The Rules of Kids' Fitness
Parenting has never been easy. Since the beginning of time, men have tried to keep their children safe and healthy. But instead of protecting kids from, say, starvation and predators, like our cavemen ancestors, these days we're up against a modern batch of challenges: obesity and sedentary behavior—two equally formidable enemies.
And since these are fairly new problems, your parents and grandparents might not have all the answers. Well, we don't either.
Follow these 10 rules to keeping your kid active, though, and you'll have a great head start.
More: How to Encourage Your Kids to Be Active
Rule 1: Don't Rely on Organized Sports
Just because your kid is in T-ball doesn't mean that he's active enough. A new study in the Archives of Pediatrics & Adolescent Medicine found that less than 25 percent of student athletes receive the recommended 60 minutes of daily exercise.
Plus, the researchers found that the kids spent about 30 minutes of their practice sessions being completely inactive.
Coaches need to make sure everyone is participating in the game, so some children might have to wait their turns to head onto the field, say the scientists. They suggest that adults should take a more active role in the practice sessions, even if that means monitoring children with a pedometer.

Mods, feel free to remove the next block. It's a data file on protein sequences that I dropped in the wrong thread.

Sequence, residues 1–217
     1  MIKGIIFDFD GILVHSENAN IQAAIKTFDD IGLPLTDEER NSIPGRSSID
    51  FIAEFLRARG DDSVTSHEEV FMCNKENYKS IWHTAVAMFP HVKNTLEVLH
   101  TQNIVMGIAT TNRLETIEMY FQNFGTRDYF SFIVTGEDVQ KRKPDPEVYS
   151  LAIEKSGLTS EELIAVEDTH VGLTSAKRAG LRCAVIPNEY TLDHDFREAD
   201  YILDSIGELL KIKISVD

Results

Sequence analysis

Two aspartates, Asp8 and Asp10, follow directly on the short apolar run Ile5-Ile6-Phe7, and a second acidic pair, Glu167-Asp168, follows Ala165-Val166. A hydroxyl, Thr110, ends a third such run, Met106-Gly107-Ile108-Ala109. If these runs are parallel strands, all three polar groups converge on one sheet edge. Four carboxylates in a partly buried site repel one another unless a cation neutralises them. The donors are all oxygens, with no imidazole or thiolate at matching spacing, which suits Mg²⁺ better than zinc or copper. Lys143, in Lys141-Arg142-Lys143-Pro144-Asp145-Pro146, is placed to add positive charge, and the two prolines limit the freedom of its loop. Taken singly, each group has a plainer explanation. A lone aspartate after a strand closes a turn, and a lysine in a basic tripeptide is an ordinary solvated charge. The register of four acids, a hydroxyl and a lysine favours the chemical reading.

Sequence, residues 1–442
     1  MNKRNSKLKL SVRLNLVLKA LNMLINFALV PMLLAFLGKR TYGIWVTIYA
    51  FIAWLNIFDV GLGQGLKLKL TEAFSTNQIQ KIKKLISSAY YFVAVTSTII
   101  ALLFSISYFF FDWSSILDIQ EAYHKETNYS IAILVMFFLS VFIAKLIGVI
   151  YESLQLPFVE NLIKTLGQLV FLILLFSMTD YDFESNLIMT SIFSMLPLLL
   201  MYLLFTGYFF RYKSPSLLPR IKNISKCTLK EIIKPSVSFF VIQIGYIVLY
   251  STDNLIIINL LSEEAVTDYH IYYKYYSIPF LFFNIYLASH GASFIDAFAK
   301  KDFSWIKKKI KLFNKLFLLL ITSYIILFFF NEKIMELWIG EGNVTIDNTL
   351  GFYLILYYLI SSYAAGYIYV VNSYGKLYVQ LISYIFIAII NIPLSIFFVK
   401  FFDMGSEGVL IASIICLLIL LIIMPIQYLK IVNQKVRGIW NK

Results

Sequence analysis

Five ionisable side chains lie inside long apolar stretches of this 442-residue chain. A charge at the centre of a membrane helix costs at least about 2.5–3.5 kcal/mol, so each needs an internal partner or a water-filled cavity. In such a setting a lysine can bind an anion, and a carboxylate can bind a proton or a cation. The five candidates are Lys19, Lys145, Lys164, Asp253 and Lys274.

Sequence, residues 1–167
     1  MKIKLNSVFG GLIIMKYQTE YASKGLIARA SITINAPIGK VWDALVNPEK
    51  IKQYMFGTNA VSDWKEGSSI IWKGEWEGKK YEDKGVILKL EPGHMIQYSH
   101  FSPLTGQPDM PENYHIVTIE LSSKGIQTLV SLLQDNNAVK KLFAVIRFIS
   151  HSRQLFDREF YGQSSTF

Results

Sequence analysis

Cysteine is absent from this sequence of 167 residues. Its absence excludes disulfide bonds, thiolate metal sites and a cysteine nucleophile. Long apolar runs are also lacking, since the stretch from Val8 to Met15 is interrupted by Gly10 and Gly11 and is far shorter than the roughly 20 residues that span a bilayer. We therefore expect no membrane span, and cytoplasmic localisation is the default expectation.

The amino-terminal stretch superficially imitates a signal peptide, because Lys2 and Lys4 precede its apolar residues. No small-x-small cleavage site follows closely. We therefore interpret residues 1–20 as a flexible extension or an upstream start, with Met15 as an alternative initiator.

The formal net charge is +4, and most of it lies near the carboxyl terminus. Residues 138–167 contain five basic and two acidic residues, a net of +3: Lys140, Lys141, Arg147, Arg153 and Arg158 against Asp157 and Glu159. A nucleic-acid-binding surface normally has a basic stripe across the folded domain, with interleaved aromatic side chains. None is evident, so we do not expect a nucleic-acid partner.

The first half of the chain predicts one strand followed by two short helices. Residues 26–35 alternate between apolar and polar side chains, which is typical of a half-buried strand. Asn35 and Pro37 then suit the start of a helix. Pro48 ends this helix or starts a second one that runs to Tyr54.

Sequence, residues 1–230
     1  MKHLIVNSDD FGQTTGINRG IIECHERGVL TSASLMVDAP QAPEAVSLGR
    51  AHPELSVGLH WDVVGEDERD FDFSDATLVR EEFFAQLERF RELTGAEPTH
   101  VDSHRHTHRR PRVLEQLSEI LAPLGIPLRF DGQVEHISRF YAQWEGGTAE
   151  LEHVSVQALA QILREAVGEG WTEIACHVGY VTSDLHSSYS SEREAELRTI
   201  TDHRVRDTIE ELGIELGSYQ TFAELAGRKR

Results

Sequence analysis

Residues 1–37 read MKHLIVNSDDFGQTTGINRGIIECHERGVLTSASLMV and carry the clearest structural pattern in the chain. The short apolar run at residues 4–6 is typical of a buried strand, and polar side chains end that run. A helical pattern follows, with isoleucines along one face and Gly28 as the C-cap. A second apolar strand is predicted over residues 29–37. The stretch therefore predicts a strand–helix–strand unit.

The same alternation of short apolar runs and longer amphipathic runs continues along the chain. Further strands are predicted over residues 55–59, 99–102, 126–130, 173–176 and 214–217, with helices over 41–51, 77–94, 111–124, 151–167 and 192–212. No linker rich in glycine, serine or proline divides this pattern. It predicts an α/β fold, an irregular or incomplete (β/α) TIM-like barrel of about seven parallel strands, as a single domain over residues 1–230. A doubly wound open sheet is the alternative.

America's fight against childhood obesity starts with parents. Here's an action plan to keep your whole family fit.
More: 9 Quick and Healthy Bedtime Snacks for Your Kids
Rule 2: Keep Play Fun
Don't worry too much about the rules. "Making a game or activity too rigid is the best way to guarantee that a kid won't want to be active," says Men's Health FitsSchools advisor Jim Liston, C.S.C.S. "Your job is to facilitate play, not dictate it."
So if kids stop playing an organized game and start chasing a butterfly, just go with it. "As long as young kids are running, jumping, and having fun, they're improving their health and athletic ability."
Rule 3: Turn off the TV...
If you want your kid to get off the couch once in a while, you have to do the same. Case in point: A 2010 study by British researchers found that 6-year-old girls were nearly 3.5 times more likely to watch more than four hours of television a day if their parents similarly stared at the tube for two to four hours a day.
As for boys, the scientists found that the little guys were about 10 times more likely to watch TV for four hours a day if their parents did as well.
Luckily, the solution is simple—turn off the tube. But what about "educational TV," you ask? Fact is, only one out of every eight shows for children are real learning opportunities.
More: Get Fit With Your Kids